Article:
Friday, February 26, 2010

Tom Clark, 1947-2010

I'm growing tired of writing about old friends who have died, but such is the nature of things, I guess. Tom departed this dimension earlier this month.

You can find Tom Clark's memorial page at
You can leave a note if you knew him and so desire. 

On his memorial page he is described thus:

Author, musician, revolutionary, philosopher, loving husband, father and dear friend -- Tom Clark died on Saturday, February 13th, 2010. His wife, two daughters, and many friends mourn his absence.

Tom's 20 year career as a network engineer and author took him around the globe where he developed a large community of friends and professional colleagues.

Because there will not be a traditional funeral service, this blog will serve as an online memorial space, where those who knew and loved Tom can come together in comraderie.

We will be posting more of Tom's photos and stories of his life in the coming days, and invite you to share comments and anecdotes.

I knew a slightly different Tom back when. Below is my note.

"I knew Tom back in the 60s and 70s. It was a different Tom and a different time than many of the memories recorded here. Maybe not really such a different Tom, just a different direction at the time. I knew Tom, the revolutionary. Tom was my great teacher of Marxism-Leninsim. He brought me along out of my yippie-weather like revolutionary period (which landed me in prison by the way) to my more "mature" serious Marxist period. He knew his stuff and I learned an amazing amount from. Perhaps, the more important thing I learned was literally how to think, how to think dialectically. Perhaps, the least amazing was the goodness of coffee with ice cream in it.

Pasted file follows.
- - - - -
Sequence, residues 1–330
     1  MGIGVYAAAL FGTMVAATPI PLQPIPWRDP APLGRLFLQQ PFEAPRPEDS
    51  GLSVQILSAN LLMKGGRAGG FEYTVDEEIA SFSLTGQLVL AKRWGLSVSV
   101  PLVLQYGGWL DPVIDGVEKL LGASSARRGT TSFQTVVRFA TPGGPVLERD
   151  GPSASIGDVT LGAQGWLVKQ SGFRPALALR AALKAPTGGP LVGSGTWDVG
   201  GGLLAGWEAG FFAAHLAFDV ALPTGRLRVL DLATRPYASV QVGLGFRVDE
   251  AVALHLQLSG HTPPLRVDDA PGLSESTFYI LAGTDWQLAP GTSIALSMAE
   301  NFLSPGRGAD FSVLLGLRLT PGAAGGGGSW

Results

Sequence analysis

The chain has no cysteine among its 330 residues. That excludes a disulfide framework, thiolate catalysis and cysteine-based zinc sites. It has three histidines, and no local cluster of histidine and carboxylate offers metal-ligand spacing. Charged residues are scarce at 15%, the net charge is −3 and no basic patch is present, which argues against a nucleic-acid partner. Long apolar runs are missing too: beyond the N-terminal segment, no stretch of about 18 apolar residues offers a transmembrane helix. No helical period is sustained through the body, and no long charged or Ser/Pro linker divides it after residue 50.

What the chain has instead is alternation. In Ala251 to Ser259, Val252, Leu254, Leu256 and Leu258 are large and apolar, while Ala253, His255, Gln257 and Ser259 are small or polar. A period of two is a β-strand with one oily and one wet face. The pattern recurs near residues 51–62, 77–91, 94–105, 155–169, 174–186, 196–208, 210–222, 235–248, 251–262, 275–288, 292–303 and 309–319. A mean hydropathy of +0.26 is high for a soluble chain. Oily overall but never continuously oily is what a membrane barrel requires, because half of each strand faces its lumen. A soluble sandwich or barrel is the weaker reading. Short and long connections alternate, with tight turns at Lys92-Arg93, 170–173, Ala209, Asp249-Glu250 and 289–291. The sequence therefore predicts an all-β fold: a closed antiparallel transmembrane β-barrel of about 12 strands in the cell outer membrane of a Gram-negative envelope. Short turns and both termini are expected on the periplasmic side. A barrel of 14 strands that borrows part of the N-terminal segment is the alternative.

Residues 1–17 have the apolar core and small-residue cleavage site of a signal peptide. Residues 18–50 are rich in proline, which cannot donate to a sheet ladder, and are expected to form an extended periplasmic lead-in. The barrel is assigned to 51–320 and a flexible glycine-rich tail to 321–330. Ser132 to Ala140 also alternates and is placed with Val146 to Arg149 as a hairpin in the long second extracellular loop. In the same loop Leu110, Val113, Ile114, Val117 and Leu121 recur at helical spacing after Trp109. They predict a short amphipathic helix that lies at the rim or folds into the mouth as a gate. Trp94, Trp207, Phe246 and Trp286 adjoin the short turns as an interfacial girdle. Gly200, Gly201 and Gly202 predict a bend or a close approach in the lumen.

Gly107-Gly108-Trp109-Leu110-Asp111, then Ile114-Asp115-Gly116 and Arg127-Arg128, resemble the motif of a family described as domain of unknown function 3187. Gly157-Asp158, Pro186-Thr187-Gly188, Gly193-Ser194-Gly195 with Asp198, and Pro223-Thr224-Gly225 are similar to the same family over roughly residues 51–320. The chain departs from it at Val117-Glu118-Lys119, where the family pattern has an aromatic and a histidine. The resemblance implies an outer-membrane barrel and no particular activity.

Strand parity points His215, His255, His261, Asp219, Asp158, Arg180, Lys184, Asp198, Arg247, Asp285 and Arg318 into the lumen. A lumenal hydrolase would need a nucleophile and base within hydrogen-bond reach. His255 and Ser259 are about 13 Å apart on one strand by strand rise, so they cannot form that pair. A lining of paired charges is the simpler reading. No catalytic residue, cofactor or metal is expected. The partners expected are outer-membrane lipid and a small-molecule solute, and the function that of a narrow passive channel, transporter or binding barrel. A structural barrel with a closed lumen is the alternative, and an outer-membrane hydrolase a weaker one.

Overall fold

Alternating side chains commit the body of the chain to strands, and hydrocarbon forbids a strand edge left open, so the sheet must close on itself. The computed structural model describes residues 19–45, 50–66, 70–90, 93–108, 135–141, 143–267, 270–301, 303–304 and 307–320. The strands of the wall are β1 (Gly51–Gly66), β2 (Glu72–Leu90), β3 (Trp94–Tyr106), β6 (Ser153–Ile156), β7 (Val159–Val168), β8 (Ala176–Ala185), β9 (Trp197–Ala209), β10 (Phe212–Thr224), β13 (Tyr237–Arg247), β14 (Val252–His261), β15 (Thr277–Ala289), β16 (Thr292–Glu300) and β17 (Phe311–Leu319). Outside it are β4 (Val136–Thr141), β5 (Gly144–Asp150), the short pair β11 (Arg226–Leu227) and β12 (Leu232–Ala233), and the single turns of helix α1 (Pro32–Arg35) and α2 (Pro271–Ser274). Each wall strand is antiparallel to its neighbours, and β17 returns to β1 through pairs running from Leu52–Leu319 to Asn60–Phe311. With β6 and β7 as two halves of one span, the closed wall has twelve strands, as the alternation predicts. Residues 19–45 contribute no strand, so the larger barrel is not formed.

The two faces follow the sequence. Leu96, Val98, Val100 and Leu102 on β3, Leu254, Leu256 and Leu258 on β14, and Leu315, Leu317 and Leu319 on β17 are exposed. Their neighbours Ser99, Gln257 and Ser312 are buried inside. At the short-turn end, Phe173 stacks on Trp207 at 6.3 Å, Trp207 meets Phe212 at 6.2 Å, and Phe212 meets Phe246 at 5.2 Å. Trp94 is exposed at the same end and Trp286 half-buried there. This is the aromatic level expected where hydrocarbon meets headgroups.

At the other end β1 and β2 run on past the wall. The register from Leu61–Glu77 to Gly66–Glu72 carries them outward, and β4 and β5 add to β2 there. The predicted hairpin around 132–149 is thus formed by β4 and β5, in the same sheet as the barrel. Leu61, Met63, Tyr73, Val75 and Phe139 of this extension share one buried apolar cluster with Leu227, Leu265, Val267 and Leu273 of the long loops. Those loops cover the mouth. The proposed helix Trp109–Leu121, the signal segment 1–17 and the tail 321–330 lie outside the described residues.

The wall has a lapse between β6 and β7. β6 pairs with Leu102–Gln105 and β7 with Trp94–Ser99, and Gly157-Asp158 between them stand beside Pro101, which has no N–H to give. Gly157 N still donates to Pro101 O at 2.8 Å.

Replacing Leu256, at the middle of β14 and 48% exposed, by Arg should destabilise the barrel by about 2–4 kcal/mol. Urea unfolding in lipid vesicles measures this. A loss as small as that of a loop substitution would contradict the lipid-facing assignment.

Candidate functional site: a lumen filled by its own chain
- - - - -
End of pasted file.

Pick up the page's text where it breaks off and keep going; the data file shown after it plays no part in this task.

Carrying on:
We had our disagreements and eventually a falling out in the late 70s. After that I only saw him one more time.

Still, I remember the study groups, the newspaper, the famous chart, the bookstore full of Chinese and Albanian literature and periodicals as well as books from International Publishers. I remember when we handled the the Great Chinese Archaeological Exhibit when it visited the Nelson-Atkins Museum in Kansas City (that was a little strange adventure). I remember the CWG and WLS. I remember the time he cut my hair way shorter than I wanted. I think he believed an M-L shouldn't look like a hippie. I remember when he drove me home from my prison stay in the federal pen in El Reno, Oklahoma...a happy day.

But you know, from the reading above I find that the Tom then in some ways never really changed. In a time of rock and roll Tom knew classical music and classical literature, too. Tom was even in those times, I think, a gentle man, with a kind disposition, a strange little chuckle, and a certain fierceness. When Tom studied Marx and Lenin, he really studied. I think Tom so wanted to find the right way forward, but alas it wasn't to be.

Although we did not depart as friends I hope he had a wonderful rest of his life and I am deeply saddened to hear of his death. He was a fascinating man, a friend referred to him, in a kind way, as an anomaly. I think that's probably right."

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